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Justice Department Defends Domestic Spying


This is MORNING EDITION from NPR News. I'm Renee Montagne.

The Bush administration is defending the use of wiretaps without warrant by the National Security Agency in response to growing criticism of the program. The Justice Department, yesterday, released a lengthy legal justification for the domestic eavesdropping effort. The move comes as civil liberties groups are suing the administration to find out how the program works and to stop it, if possible.

NPR's Larry Abramson reports.


The Justice Department's explanation, sent by Attorney General Alberto Gonzales to Congress yesterday, runs 42 pages, but it can be boiled down to one sentence: The NSA activities are an indispensable aspect of the defense of the nation following the 9/11 attacks. The document expands on the administration's belief that the 1978 Foreign Intelligence Surveillance Act did not and could not take away the president's power to wiretap in the national defense. The Justice Department would not speak on tape, but former federal prosecutor Andrew McCarthy sums it up this way.

Mr. ANDREW MCCARTHY (Former Federal Prosecutor): If the president has inherent authority to conduct national security surveillance, then he has it as a matter of constitutional law. The president's Article Two authority trumps the authority of Congress.

ABRAMSON: McCarthy has written articles explaining that the courts have recognized the power to eavesdrop and search people without a warrant if circumstances call for it. Take traffic stops for drunk drivers, he says. McCarthy echoes the Justice Department's contention that the attacks by al-Qaeda put the country on a wartime footing that could justify a whole host of aggressive measures by the president.

Mr. MCCARTHY: During wartime, without probable cause, we can actually kill. We can capture. We can detain. We can destroy property.

ABRAMSON: The Justice Department argued that even if the president's constitutional power fell short, Congress passed the authorization for the use of military force just after 9/11. While critics have pointed out that resolution did not mention domestic wiretapping, the administration insists the resolution authorized the president to use all necessary and appropriate force.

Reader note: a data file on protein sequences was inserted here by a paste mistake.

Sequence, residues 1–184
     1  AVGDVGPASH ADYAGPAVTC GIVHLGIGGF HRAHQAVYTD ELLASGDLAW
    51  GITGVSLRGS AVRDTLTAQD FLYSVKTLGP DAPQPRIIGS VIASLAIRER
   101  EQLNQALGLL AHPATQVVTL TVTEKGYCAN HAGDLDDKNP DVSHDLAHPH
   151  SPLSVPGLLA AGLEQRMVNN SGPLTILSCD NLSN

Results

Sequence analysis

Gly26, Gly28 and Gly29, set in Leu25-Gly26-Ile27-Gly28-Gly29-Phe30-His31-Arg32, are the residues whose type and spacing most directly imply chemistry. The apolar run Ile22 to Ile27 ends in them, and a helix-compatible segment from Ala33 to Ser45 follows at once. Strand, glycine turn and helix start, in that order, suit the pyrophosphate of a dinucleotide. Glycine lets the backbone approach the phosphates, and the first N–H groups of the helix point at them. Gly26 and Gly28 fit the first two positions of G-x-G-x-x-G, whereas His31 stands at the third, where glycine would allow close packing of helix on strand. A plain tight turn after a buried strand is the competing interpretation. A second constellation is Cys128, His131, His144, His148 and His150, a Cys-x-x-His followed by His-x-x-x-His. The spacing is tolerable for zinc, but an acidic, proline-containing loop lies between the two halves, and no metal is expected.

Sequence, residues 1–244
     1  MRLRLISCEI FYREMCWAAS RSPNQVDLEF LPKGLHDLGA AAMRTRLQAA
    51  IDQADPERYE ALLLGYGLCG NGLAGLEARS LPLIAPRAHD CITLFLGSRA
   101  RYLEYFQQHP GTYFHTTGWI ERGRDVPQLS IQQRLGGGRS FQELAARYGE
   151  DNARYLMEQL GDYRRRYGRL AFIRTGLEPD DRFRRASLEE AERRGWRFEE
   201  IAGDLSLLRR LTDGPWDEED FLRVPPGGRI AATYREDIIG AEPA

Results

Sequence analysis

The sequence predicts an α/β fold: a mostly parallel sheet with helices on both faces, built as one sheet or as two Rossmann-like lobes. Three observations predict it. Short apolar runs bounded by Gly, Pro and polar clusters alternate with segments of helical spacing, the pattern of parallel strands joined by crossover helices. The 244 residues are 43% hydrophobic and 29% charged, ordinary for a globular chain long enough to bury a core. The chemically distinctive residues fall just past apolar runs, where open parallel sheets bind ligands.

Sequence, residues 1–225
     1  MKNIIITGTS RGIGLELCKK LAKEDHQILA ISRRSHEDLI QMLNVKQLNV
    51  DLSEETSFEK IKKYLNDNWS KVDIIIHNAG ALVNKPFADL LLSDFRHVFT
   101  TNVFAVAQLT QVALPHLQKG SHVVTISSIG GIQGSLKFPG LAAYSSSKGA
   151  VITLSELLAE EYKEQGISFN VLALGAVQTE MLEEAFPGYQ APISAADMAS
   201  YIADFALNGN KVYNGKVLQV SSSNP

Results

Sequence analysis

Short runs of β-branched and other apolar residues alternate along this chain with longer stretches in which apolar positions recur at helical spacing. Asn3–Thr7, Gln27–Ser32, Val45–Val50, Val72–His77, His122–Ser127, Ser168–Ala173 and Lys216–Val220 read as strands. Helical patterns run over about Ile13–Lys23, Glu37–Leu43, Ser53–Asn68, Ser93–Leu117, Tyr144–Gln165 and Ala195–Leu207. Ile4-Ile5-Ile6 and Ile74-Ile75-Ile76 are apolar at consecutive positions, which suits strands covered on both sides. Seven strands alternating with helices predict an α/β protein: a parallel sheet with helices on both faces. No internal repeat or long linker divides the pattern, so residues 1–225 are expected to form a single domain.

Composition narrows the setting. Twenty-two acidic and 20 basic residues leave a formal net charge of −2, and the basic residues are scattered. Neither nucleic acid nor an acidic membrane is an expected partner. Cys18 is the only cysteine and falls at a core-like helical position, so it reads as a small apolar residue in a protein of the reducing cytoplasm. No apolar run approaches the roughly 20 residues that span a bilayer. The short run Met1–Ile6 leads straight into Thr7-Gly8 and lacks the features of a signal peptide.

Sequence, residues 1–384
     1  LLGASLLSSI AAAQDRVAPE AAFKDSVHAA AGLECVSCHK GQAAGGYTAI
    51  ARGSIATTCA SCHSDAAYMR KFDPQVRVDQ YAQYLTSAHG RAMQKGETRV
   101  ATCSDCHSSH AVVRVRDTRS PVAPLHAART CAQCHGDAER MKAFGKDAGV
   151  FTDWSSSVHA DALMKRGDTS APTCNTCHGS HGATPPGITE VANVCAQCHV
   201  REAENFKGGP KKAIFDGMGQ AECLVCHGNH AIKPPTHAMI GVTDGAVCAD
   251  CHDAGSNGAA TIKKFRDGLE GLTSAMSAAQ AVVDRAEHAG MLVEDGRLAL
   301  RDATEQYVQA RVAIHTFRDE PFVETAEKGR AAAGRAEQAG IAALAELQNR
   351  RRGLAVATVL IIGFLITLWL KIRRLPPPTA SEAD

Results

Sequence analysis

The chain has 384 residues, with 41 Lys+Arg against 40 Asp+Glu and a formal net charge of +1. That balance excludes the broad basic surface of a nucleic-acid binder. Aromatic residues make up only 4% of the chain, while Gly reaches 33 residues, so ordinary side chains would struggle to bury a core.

Chicago-based attorney John Schmidt worked in the Justice Department under President Clinton. He says that clearly includes domestic wiretapping.

Mr. JOHN SCHMIDT (Attorney): We're talking about a foreign power that has attacked in this country and is reasonably believed to be preparing to attack again. And we're talking about the president having the authority to do the surveillance necessary to find out where and when that next attack may occur.

ABRAMSON: Not surprisingly, the many critics of the NSA program met the document with scorn. They asked, what's the point of passing the Foreign Surveillance Act if not to provide court oversight for such wire taps?

David Cole of Georgetown University Law School says Congress spelled out exactly how the president can conduct domestic wiretaps during wartime.

Professor DAVID D. COLE (Law, Georgetown University Law Center): And it said the president can do it, but only for the first 15 days of the conflict; and if he needs broader authority, he is supposed to come back to Congress and seek broader authority.

ABRAMSON: And Marc Rotenberg of the Electronic Privacy Information Center says the administration could have asked for an amendment to the Foreign Intelligence Surveillance Act after 9/11.

Mr. MARC ROTENBERG (Electronic Privacy Information Center): There were clearly opportunities for the White House to present the argument on the need to amend the FISA, if that's what they felt they needed to do. They chose not to do that.

ABRAMSON: The Electronic Privacy Information Center filed suit against the administration yesterday, demanding immediate access to government documents on the NSA surveillance program. That comes on top of two civil rights suits filed this week that seek to have the program declared illegal. The administration's response has been unequivocal.

Vice President Dick Cheney spoke yesterday at the Manhattan Institute.

Vice President DICK CHENEY: These actions are within the president's authority and responsibility under the Constitution and laws, and these actions are vital to our security.

ABRAMSON: The entrenched position of both sides should make for an incendiary hearing when Attorney General Gonzales defends the program before Congress early next month.

Larry Abramson, NPR News, Washington. Transcript provided by NPR, Copyright NPR.

Larry Abramson is NPR's National Security Correspondent. He covers the Pentagon, as well as issues relating to the thousands of vets returning home from the wars in Afghanistan and Iraq.
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